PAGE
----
7. scwheeler24

    scwheeler24 In the Brooder

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    this is hard. I had 3 showing these signs. Did tons of researching online and discovered it had to be a type of bronchitis/crv. I treated them with a duramycin, didn't do anything, decided to take them to the vet, he prescribed Baytril injections. Did this, it came back in a few days. It killled me but we dispatched the three. The same day I heard a fourth one start to sneeze, we just went ahead and did that one too.
    Here in lies the problem. Research and the vet says that even if they get better, they will become carriers forever, and expose birds and other fowls you bring in and around you. He also said the rest of my flock will be carriers as well. So, do I cull them all, and start over? you have to clean and treat the coop AND the yard. So you get a new flock and they could easily be a carrier or start showing signs as well. I read all(or up to 90%) carry the (I don't know the technical term) bacteria?? somewhat, but arent carriers or sick till stress, change of food, weather can bring it out. The only way to know for sure is to have them swab tested, I read that is about $20 a bird.
    I decided not to cull the rest of my flock. If one start showing symptoms, we will. Then come spring we have a choice to cull them all and start over and hope the new ones aren't carriers or just try and add to them with fingers crossed.
    I also have a pet bird that I have stressed over immensely. You can carry this on your clothes, shoes, hair etc. It is extremely contagious. Basically I probably shouldn't have chickens at all but I will take that chance.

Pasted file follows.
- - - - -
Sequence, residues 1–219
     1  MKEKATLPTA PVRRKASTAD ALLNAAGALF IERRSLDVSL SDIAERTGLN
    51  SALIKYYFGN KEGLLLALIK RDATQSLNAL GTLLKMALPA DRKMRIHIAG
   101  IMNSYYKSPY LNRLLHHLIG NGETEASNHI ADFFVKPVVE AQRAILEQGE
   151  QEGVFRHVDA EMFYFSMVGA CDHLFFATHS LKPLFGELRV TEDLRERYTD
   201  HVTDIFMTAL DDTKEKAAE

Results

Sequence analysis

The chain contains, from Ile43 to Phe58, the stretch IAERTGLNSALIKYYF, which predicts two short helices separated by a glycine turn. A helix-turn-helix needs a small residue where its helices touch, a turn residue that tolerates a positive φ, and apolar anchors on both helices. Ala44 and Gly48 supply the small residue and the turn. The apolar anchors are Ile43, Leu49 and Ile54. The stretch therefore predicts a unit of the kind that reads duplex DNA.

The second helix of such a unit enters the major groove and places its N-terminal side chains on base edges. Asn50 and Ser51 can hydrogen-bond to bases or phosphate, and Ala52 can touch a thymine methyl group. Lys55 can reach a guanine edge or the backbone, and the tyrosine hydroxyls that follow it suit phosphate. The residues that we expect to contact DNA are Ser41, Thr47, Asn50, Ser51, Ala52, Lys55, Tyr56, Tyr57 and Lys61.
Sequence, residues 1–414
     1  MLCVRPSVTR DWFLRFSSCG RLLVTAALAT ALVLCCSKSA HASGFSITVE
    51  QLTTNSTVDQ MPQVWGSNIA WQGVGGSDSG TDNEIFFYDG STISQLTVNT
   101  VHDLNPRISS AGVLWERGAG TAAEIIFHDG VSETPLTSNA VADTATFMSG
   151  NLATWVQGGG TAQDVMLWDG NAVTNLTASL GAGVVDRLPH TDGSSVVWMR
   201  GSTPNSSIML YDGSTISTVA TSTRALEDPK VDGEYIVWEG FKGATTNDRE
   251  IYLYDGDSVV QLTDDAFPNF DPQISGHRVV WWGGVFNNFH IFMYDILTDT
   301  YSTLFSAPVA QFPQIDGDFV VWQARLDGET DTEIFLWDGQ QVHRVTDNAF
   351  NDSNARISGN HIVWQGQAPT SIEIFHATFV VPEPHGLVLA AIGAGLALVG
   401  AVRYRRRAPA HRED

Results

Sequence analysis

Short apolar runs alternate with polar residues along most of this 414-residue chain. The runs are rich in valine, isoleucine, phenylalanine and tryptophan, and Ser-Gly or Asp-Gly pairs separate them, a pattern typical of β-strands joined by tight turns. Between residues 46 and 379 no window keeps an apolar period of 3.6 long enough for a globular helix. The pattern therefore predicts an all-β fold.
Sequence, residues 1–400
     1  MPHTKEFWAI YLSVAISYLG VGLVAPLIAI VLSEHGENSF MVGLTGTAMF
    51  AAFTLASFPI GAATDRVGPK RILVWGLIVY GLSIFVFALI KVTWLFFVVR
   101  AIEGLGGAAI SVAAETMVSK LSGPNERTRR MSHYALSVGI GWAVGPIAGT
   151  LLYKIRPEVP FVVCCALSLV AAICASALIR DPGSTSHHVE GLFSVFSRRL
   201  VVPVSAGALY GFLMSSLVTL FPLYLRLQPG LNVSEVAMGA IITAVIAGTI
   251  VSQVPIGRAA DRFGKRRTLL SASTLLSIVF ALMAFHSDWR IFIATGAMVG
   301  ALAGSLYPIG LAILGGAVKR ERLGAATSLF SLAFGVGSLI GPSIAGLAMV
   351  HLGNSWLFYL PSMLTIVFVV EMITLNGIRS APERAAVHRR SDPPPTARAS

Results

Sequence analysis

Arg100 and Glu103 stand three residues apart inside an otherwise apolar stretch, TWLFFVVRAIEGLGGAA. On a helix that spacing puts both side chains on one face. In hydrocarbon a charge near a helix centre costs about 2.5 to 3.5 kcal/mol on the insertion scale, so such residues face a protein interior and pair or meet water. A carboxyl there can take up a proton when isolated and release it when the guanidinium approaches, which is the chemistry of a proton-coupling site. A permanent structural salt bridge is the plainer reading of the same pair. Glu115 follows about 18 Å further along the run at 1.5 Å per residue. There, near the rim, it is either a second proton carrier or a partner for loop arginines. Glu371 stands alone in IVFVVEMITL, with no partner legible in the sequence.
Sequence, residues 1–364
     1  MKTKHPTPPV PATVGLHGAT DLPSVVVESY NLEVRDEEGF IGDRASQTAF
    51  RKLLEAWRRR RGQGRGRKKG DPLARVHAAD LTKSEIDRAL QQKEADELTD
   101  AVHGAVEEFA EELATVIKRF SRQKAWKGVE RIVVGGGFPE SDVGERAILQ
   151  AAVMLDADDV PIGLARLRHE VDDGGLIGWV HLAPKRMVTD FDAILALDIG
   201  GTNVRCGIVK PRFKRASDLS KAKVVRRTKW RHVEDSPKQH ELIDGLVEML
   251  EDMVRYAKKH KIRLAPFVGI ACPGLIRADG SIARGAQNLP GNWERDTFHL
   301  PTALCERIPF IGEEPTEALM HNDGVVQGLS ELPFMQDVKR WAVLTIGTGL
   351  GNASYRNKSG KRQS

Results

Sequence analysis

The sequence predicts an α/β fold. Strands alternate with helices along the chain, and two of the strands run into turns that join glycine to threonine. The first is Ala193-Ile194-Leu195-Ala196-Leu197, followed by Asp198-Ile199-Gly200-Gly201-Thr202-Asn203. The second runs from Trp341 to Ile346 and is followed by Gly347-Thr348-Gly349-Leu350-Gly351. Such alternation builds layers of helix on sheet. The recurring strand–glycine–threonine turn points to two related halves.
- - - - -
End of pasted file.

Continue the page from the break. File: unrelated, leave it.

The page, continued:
Some people will tell you to cull them all. I don't necessarily disagree with them. But if you choose to keep them, you must never give any of them away or chicks if you have them. You must keep them and if you visit a farm or other chicken people to make sure you have clean fresh clothes and shoes. And always change to fresh clothes if you ever visit a chicken or other farm, always, for the health of your flock. I wish you well with your decision, do some research, only you will be able to make that decision. I find a lot of different answers out there, and have to wonder if a lot more people have it and just never say. Btw, my two skiddish EE's were the first to get them, probably stress, then my 2 SS. All my turkens are fine so far, and it's been over a month. Not to say they don't have it and just not showing signs or carriers, I am aware of that people. Oh, sorry forgot, wild birds can be carriers, how in the world do you contain that unless you keep them in a very secure run to keep out birds. If they free range, well I guess you are out of luck. See where I am going, it's almost a losing battle I feel.
     
  8. Goldenpheasantlover

    Goldenpheasantlover Songster

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    RedDrgn - I'll ring them up tomorrow. Right now I have to find a space to keep the poorly ones. And like you they're just pets, so it'snot as if the whole flock will have to go.

    Scwheeler - I have chicks indoors as well. I have been washing my hands before handling them at all, but if it can be carried on your clothes too then should I wear an overcoat or something? It sounds over the top saying it, but these are pretty much the only two chicks I've hatched this year. Can it spread to a chick still developing in the egg if you handle the egg? I've got a couple of geese and some chicken eggs in the incubator and I wouldn't want them to die (especially since the geese are so hard to incubate). Also, the chicken eggs are from the Ixworths, so can the illness be passed on from mother to egg?
    Sorry for so many questions...
     
  9. RedDrgn

    RedDrgn Anachronistic Anomaly

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    We're keeping ours in a large dog crate. Pretty handy, but anything like it will do.

    Technically, yes, you should change clothes and shoes between interactions; wash hands very thoroughly as well. Also, several respiratory diseases, including the MG I'm dealing with can pass from hen to chick through the egg, so they hatch as carriers. [​IMG]